Edges of the Old City (Santo Domingo)

Santo Domingo, Dominican Republic, 14 September 2016

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Stepping out from the Museo de las Casas Reales, we encounter a driver with horse and cart, eager to take us for a ride (though we continued on foot).  You may need to click on the image to see it properly but towards the top right is a very old street sign.  I wouldn’t be surprised if it is from the early sixteenth century.

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Walking along the street the horse and cart came from, this is Hostal Nicolas de Ovando, a four star hotel.

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I know approximately where this is but not what it is.  Perhaps an old monastery.

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This is Iglesia de Nuestra Senora del Carmen, attached to Iglesia de los Dominicos, or the Dominican Convent.

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This is a statue of Ingenio Maria del Hostos.  He was a Puerto Rican intellectual who agitated for the independence of Puerto Rico and Cuba at the turn of the twentieth century.  (Instead, they were colonised by the United States).  He ended up living in Santo Domingo.  We are probably in Parque Duarte.

 

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A charming side street.

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An overgrown ruin.  I think, a former religious building.

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The white building bears the sign Fundación Virgen Del Perpetuo Socorro Inc, so I can tell we are in Calle 19 de Marzo, or 19th March Street.  19th March 1844 was the date when an invading Haitian army was defeated in battle.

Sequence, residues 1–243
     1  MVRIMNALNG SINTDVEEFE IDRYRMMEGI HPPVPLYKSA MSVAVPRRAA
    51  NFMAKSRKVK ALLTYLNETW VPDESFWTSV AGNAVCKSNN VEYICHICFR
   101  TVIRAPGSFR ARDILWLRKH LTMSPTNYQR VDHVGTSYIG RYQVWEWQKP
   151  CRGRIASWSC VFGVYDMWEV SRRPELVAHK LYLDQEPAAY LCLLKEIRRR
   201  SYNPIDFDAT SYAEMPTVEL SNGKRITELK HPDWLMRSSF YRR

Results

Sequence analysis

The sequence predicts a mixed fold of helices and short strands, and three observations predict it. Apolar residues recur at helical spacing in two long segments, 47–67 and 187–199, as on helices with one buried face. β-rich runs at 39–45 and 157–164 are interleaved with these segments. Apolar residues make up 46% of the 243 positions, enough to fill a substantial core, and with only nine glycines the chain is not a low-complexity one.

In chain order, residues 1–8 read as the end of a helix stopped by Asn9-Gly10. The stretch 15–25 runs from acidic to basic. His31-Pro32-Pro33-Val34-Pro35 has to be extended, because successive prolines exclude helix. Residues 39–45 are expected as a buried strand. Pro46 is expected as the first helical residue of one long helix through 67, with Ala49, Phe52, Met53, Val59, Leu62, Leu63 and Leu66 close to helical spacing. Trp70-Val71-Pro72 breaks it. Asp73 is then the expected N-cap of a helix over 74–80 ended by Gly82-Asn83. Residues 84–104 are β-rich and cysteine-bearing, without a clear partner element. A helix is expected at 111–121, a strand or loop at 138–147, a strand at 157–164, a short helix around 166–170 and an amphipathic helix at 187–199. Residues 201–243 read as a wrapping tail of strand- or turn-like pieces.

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We are down by the river now and this is Frey Antonio de Ovando.  What can he be shouting out?  Get out of the river?  How do I find my way back to Hostal Nicolas de Ovando?  Help, I’ve got a plant growing on my back and a lightbulb implanted in my head?

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No, it’s Help!  I have a cannon pointed at me!

There could be a reason for that.  He arrived with thirty ships in 1502, became Governor, treated the Indians with great brutality and was recalled for that reason in 1509.

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An ancient door and facade of a religious institution.

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The lizard doorknocker!

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Somewhere around here, a man in dreadlocks appeared and told us it was not safe to walk in this area with cameras, and also invited us to his restaurant that night.

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This is La Puerta del Conde, now the main entrance to El Parque Nacional or Independence Park..

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Some of the detail is interesting.  The statue of the soldier (probably an independence leader).  The soldiers in the shadows at the left.  The cannon pointing down the street.

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We are now in the Altar de la Patria, a mausoleum dedicated to the three founding fathers from the 1844 War of Independence, Juan Pablo Duarte, Francisco del Rosario Sánchez, and Ramón Matías Mella,.

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Still in the same area, we are at El Baluarte del Conde (The Count’s Bulwark), part of the City fortifications dating from 1543.

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With cannons to keep the streets safe…..

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The old and the somewhat new.

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Zonabici, sign for a bicycle rental shop near where we were staying.  This is the last image from our stay in Santo Domingo.

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Museo de las Casas Reales

Santo Domingo, Dominican Republic, 14 September 2016